You pretend to consider the matter; then you shake his hand warmly.
“You presume correctly, my dear Bingley, and I give my wholehearted consent. A happy prospect is now before you: your wife may be all you hope for, but your mother-in-law will eclipse every expectation of impropriety and general stupidity. Do not say that I have not warned you.”
Bingley beams at you, as if this is a huge joke, and runs out of the room. The house shakes with shrieking as Mrs Bennet hears the glad tidings; but for once this arouses a feeling other than contempt - something you vaguely recognise as happiness ...
As soon as Mr Bingley has taken his leave for the night, you say to your eldest daughter, "Jane, I congratulate you. You will be a very happy woman."
“Thank you, Papa, you are too kind.” Jane comes to you instantly and kisses you.
"You are a good girl;" you reply, "and I have great pleasure in thinking you will be so happily settled. I have not a doubt of your doing very well together. Your tempers are by no means unlike. You are each of you so complying, that nothing will ever be resolved on; so easy, that every servant will cheat you; and so generous, that you will always exceed your income."
She smiles. "I hope not so. Imprudence or thoughtlessness in money matters would be unpardonable in me."
"Exceed their income! My dear Mr Bennet," cries your wife, "what are you talking of? Why, he has four or five thousand a year, and very likely more." Then, addressing her daughter, "Oh! my dear, dear Jane, I am so happy! I am sure I shan't get a wink of sleep all night. I knew how it would be. I always said it must be so, at last. I was sure you could not be so beautiful for nothing! I remember, as soon as ever I saw him, when he first came into Hertfordshire last year, I thought how likely it was that you should come together. Oh! he is the handsomest young man that ever was seen!"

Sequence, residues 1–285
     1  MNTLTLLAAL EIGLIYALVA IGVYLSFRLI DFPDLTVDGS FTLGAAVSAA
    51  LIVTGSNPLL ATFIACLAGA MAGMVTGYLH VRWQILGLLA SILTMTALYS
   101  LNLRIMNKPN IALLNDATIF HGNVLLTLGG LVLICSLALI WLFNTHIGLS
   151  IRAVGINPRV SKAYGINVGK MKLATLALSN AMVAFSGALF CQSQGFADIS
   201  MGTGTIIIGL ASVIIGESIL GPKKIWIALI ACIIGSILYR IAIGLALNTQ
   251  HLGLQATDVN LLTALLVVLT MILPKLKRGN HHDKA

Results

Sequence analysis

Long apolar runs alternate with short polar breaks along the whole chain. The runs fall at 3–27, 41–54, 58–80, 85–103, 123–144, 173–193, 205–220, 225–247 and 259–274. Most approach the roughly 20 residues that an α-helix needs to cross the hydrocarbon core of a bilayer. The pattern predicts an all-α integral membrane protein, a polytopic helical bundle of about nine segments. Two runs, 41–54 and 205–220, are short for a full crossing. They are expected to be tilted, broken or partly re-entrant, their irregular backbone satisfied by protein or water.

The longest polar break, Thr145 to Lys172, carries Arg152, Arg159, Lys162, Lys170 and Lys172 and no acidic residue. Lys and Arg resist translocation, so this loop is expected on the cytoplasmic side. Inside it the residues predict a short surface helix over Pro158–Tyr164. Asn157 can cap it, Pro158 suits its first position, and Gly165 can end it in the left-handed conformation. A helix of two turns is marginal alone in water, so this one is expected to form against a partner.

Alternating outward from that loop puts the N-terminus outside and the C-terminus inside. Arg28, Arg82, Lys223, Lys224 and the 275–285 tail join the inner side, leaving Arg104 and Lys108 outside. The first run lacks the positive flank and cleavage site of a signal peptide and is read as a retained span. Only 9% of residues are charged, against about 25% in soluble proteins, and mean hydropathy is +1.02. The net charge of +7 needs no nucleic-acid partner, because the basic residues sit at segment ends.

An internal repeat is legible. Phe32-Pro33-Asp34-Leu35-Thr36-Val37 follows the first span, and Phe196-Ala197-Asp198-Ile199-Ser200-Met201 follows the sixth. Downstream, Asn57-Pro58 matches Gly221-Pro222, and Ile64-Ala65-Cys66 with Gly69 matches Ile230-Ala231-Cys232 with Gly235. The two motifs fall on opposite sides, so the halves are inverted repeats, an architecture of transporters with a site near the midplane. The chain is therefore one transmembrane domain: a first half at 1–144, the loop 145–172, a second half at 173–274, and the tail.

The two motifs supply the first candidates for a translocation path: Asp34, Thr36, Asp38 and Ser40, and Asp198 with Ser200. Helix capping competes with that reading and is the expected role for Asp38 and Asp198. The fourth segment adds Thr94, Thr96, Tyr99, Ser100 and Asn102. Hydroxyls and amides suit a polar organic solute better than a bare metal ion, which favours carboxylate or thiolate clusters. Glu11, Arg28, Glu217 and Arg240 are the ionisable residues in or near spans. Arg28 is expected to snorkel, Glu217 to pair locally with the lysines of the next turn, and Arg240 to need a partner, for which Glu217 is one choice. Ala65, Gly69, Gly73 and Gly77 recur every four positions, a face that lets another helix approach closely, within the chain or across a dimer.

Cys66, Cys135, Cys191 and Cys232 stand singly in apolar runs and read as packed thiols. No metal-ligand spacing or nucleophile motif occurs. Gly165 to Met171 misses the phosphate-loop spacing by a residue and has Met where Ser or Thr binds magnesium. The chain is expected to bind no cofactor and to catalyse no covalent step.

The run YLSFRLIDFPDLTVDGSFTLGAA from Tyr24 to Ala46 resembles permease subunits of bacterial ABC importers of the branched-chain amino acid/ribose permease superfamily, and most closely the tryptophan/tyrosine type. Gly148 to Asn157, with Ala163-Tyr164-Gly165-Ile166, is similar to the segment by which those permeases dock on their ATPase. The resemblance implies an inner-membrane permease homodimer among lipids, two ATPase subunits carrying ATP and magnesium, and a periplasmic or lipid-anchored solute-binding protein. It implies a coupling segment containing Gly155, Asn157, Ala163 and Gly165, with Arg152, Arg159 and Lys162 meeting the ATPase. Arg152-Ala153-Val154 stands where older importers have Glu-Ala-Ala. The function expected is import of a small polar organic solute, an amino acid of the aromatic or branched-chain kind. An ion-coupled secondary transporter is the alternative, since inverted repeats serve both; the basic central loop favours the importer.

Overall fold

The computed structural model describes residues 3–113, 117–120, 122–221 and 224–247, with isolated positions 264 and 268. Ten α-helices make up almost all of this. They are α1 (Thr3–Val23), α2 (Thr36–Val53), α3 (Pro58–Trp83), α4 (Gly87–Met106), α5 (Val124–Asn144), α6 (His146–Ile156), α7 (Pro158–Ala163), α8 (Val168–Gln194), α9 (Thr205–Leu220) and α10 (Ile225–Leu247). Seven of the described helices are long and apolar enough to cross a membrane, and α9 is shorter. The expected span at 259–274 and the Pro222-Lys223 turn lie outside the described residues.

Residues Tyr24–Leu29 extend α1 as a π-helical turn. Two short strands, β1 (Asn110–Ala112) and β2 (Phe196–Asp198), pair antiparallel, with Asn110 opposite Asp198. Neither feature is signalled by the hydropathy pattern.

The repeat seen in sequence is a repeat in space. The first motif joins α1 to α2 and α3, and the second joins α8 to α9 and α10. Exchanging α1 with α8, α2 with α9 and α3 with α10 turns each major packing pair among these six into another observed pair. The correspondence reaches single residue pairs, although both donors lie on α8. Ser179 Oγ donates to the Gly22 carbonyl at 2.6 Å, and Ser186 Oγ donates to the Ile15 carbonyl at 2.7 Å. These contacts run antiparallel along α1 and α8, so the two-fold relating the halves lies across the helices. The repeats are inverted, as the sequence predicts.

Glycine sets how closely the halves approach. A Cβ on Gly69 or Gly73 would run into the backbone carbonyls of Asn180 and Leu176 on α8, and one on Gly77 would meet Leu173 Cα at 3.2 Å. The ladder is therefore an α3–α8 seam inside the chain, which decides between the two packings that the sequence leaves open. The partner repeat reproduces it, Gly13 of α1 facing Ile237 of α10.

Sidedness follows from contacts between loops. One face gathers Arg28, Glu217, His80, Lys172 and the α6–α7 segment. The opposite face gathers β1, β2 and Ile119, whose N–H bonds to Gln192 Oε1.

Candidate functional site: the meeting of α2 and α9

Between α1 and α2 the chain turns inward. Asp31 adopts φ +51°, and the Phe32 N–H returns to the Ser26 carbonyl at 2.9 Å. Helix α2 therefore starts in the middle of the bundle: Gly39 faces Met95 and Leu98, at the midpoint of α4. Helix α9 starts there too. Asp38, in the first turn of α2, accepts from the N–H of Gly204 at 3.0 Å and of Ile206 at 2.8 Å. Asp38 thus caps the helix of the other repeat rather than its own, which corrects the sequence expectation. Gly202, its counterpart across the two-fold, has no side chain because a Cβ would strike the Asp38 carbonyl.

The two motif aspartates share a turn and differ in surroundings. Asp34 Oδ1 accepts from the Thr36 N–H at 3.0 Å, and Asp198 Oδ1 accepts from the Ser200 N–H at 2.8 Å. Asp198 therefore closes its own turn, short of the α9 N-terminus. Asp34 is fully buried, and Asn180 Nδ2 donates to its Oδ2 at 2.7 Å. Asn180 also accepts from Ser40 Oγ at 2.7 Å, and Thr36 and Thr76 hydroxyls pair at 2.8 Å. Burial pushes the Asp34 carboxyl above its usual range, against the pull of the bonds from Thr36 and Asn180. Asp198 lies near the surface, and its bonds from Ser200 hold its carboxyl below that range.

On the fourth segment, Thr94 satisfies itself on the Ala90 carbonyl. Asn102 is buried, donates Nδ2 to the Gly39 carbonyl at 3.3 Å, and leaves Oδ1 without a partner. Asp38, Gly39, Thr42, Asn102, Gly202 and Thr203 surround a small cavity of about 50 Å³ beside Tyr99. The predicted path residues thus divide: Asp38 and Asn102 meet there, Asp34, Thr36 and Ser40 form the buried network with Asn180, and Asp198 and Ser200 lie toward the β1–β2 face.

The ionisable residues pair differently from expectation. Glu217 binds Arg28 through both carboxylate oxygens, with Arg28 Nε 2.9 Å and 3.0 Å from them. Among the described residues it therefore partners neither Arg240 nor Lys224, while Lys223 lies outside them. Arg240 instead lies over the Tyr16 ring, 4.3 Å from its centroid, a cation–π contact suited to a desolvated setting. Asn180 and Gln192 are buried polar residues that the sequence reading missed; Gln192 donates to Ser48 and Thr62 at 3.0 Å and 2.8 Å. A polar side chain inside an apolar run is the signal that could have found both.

Wickham, Lydia, are all forgotten. Jane is beyond competition her favourite child; at that moment, she cares for no other. And the gossips of Meryton must be relieved of their suspense. Mrs Bennet is privileged to whisper the news to Mrs Phillips, and she ventures, without any permission, to do the same by all her neighbours in Meryton. The Bennets are speedily pronounced to be the luckiest family in the world, though only a few weeks before, when Lydia had first run away, they were generally proved to be marked out for misfortune.
End of Chapter 13.
Congratulations, you are becoming Mr Bennet! Chapter 14 is here.